Arènes De Lutèce Attests to a Gory Past of the City of Love
Paris, ‘the city of love’, is the world-famous capital of France and is renowned for its culture, art, architecture and more. The metropolis’ humble beginnings date back to 3rd century BC when it was founded by the Parisii Gauls. In 52 BC, Julius Caesar founded a Roman town on the earlier settlement and impressive Romans ruins remain to this day, such as the Arènes de Lutèce, which served as both a theatre and an amphitheater.
The Often Savage History of Arènes De Lutèce
In the Roman era, Paris was known as Lutetia, thought to mean ‘place near the swamp’. It was little more than a provincial town during the rule of the empire, but an amphitheater was built, a typical process of Romanization that took place in Ancient Gaul and beyond.
Based on the archaeological evidence, it appears that it was built in the First Century AD, which was something of a golden age for the Roman Empire. The structure was designed to accomodate public events and had the dual use of both theatre and amphitheater. Other examples of this have been found in Roman Gaul.
Gladiators fighting on the arena of the Colosseum (Fotokvadrat / Adobe Stock)
Brutal contests were held during which slaves fought to the death or until they were granted mercy by the onlookers. There is also evidence that animals fought each other, or men, for the enjoyment of the crowd. Criminals were executed during the intermissions of gladiatorial bouts.
Arènes de Lutèce could hold more than 15,000 people at its peak and attracted spectators from all over the region. The local elite sat on the lower tiers, shaded by awning, while the poor and slaves sat on the upper tiers.
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The seating of the arena was divided between rich and poor. (hdemestier / Adobe Stock)
During the Third Century Crisis, Lutetia was sacked by Germanic tribesmen and stones from the amphitheater were used to build defensive walls. Despite the decline of the Roman Empire in the west, the arena was used, and remained in use, until after the collapse of Roman Gaul. The occupying Franks even used the arena for spectacles and public festivals in the 6 th century AD.
The Roman arena later became a burial ground, but during the reign of the French King Philippe Auguste, who ruled from 1180 to 1223, it was filled with soil. The area around it was built up and became the famous Latin Quarter. When a local convent was demolished much of the original arena was uncovered and it was only in the 19 th century that the site was excavated. The monument is possibly the oldest structure in Paris.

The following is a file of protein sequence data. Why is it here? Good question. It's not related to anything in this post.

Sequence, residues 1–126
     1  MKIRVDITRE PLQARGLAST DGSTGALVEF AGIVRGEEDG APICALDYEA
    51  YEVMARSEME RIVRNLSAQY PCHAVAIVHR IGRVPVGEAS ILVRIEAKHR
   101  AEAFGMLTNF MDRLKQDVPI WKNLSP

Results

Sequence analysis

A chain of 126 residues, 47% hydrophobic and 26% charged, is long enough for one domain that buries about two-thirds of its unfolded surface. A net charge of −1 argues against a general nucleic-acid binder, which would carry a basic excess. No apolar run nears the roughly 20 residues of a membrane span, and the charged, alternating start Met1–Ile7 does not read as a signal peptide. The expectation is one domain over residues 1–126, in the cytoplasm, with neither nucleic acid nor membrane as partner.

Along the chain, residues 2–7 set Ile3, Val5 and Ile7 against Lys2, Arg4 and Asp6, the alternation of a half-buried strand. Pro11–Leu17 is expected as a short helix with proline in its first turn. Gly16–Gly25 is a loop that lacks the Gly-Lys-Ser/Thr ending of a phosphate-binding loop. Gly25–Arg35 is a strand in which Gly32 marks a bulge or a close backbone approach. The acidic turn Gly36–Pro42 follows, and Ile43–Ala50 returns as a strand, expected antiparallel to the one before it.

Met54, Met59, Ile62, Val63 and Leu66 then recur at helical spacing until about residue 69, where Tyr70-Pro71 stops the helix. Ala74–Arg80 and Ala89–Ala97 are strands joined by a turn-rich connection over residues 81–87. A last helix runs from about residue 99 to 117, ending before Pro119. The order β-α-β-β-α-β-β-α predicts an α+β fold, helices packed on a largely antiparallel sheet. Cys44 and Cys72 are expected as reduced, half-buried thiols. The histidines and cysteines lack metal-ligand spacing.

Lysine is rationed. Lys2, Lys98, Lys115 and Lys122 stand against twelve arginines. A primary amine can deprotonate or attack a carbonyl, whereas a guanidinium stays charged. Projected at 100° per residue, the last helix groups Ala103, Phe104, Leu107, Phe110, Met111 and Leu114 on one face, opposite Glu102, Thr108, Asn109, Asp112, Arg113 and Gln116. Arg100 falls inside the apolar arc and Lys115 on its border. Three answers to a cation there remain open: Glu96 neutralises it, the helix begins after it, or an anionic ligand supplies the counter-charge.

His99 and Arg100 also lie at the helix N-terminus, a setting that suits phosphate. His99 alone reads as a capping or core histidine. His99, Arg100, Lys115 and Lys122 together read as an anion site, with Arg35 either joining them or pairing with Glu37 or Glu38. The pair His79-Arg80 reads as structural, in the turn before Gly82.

Arènes de Lutèce as it was during the occupation of the Roman Empire
Arènes De Lutèce As It Once Was
The historic structure is situated in a residential district and it is not uncommon for boys to play football against the white limestone walls of the structure. Access to the site is by a gateway that takes you from the busy Parisian streets of into the Roman world.
The actual arena, the circular space where the gladiators fought and died, is open and is the same size as it was in its heyday. Parts of the terraced seating, known as the cavea, remains and unlike other Roman amphitheaters they did not fully surround the central space. It is unusual in that it was more akin to a Greek-style theatre than a typical Roman arena.
The base of a platform of what was possibly a stage can still be seen, as well as two side entrances. One of the most remarkable features of Arènes de Lutèce is the niches in the walls which were once used for cages where the doomed animals were kept. The beasts were released directly into the amphitheater to face each other or tear apart unfortunate war captives and criminals.
Modern Tranquility of Arènes de Lutèce
Arènes de Lutèce is one of the last vestiges of Rome in Paris along with the famous baths known as the Thermes de Cluny. The arena is also not far from other incredible sites such as the Louvre Museum and the Paris Catacombs.
The entrance to the Arènes de Lutèce, at Capitan Square, which is a public park that contains the remains of one of the largest amphitheaters built by the Romans. (lembi / Adobe Stock)
The surrounding area is now a public park where children play football and adults play the French game boules. Admission to the site is free and it rarely overcrowded.
Top image: Arène de Lutèce - Paris Source: Atlantis / Adobe Stock
By Ed Whelan
Blonce, C. (2013). Lutetia (Paris). The Encyclopedia of Ancient History
Futrell, A. (2001). Blood in the arena: The spectacle of Roman power. University of Texas Press
Available at: https://books.google.ie/books?hl=en&lr=lang_en&id=3ZK9AAAAQBAJ&oi=fnd&pg=PR1&dq=gallo-roman+arena&ots=gpQe6mlfxW&sig=-Wrx-DWGuHZjJCpxB4TRqouGjiQ&redir_esc=y#v=onepage&q=gallo-roman%20arena&f=false
Klee, B. B. (1975). Three Gallo-Roman Multi-Purpose Theatres. Educational Theatre Journal, 27(4), 516-520
Available at: https://www.jstor.org/stable/3206386?seq=1